“It Takes More Than Lunchables to Assimilate”

Arthur Chu, Jennifer Lai, and Phil Yu discuss the Fresh Off the Boat premiere.

Fresh Off the Boat
Constance Wu as Jessica in Fresh Off the Boat.

© ABC/Eric McCandless

It’s been a full two decades since prime-time television has seen an Asian American family sitcom. But ABC’s new show Fresh Off the Boat, loosely based on celebrity chef Eddie Huang’s memoir, is changing that. Though the very first Asian American family sitcom, Margaret Cho’s All-American Girl, was canceled due to poor ratings and lack of interest back in 1995, Fresh Off the Boat has already stirred up considerable buzz. It’s also a significant moment for many Asian Americans, who have largely been excluded or misrepresented when it comes to the mainstream.

But testing the waters won’t be easy for Fresh Off the Boat. Will the show resonate with a non-Asian audience? Will it manage to undermine stereotypes or end up reinforcing them? Will its jokes be lame?

So we wanted to discuss the series from an Asian American point of view. This week, Slate’s Jennifer Lai will  be joined by Phil Yu, creator of the blog Angry Asian Man, along with writer, comedian, and 11-time Jeopardy! champion Arthur Chu.

Jennifer Lai: This is the first Asian American family sitcom to make it to prime-time television in 20 years. Why do the stakes feel so high for Fresh Off the Boat?

Arthur Chu: Well, we were all disappointed by how badly All-American Girl failed. The show actually had a lot going for it. It wasn’t just about Margaret Cho’s star power—she had a breakout character in the form of the grandma, she had Quentin Tarantino (her boyfriend at the time) pushing the show and even guesting on it. And the show was honest about Margaret’s character being a drinking, partying assimilated “bad girl.”

But America didn’t care about the show, and the suits panicked at the first sign of failure. That’s what I’m afraid of, that if this show isn’t a roaring success right out of the gate, it’ll be another excuse for networks to pull the plug on “Asian shows.” It’s not like every show with an African American cast has been a smash hit or an artistic masterpiece—or, obviously, every show about twentysomething white people in New York. But it feels like, as one of the most invisible minorities in Hollywood, we don’t get “room to breathe”—we get one shot at success and if it fails, it’s over.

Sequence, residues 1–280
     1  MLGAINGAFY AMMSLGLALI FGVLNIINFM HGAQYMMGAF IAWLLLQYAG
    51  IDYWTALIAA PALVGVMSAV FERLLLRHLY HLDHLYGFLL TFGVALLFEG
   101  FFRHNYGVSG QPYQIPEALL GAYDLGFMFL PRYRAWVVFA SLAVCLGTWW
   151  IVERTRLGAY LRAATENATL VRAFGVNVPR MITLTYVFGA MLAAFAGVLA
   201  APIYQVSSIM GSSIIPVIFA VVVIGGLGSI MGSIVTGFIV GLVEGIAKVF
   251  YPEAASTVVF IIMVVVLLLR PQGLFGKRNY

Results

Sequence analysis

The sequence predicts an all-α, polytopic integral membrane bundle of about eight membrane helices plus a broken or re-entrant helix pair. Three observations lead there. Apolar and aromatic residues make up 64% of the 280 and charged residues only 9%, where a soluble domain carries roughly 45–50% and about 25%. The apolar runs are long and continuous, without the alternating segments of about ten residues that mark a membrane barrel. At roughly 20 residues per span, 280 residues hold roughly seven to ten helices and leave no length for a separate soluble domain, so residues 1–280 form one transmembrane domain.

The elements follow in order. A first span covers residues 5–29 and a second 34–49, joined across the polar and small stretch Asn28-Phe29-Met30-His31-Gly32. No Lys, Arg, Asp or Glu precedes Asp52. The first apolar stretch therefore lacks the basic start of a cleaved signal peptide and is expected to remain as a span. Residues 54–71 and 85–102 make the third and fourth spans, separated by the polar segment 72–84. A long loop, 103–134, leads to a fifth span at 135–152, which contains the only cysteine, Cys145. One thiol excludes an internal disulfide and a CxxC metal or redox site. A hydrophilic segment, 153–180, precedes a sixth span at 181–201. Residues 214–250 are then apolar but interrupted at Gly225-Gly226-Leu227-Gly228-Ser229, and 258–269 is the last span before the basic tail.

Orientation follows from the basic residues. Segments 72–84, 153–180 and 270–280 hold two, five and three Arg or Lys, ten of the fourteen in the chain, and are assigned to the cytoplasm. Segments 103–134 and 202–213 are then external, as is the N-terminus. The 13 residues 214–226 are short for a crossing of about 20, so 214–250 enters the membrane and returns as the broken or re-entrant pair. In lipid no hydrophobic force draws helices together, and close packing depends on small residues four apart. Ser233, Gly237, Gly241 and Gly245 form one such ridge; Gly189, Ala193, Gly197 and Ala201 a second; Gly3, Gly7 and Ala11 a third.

Phil Yu: It carries the heavy burden of being The Only One. The First One in 20 Years. It’s become the show’s unofficial subtitle.

Chu: There are so many roles that really talented Asian actors have been shut out of for so long—even something as basic as “Sitcom Dad.” Randall Park is a great comedian, but I never thought I’d get to see him do the goofy dad, whereas that’s a possibility for pretty much every comic white actor. Same with John Cho on Selfie, something as basic as “romantic lead” was pretty unlikely.

Yu: Such low expectations.

Chu: I remember celebrating seeing that in the pilot of Glee, the douchey meathead football coach was a Japanese guy. It wasn’t a great part, but just the idea that Asian actors could do that one kind of part they haven’t done before was noteworthy.  

Lai: So how can Fresh Off the Boat make people see that it’s not just an “Asian show”?  

Yu: You can get all the TV-watching Asian Americans to tune in, but the show will probably live and die based on whether it has mainstream crossover appeal.

Chu: Getting it as prime-time TV on ABC was a huge coup, but it definitely puts more pressure than if it were an “artsy” HBO show. The people who are already excited about it—HBO-watching cultural hipsters—aren’t the people Fresh Off the Boat needs to reach. But I don’t really care what my college friends think about the show, I care what my conservative, sitcom-watching Asian mom and dad think.

Lai: My mom watched the trailer. She was worried that the characters’ accents would be the butt of every joke. She also thought it was clearly geared toward a white audience—a watered-down version that’d be more palatable for people. Like Panda Express.

But she realized the show’s focus on Eddie’s struggles might represent more of my experience than her own—my parents immigrated from Hong Kong in the ’70s and I was raised in a very white area of Southern California in the ’90s–and that was very fascinating to her.

Chu: That’s what worries me. If it’s just ABCs (American-born Chinese) with issues like me watching it, that’s a small demographic niche. One of the biggest things that makes it not the story of first-generation immigrants is the social isolation aspect. Being the only Asian kid in your group of friends? That was normal for me and my siblings. It was NOT normal for people our parents’ age to be among all white peers. Asian immigrants seek each other out in even the most whitewashed communities.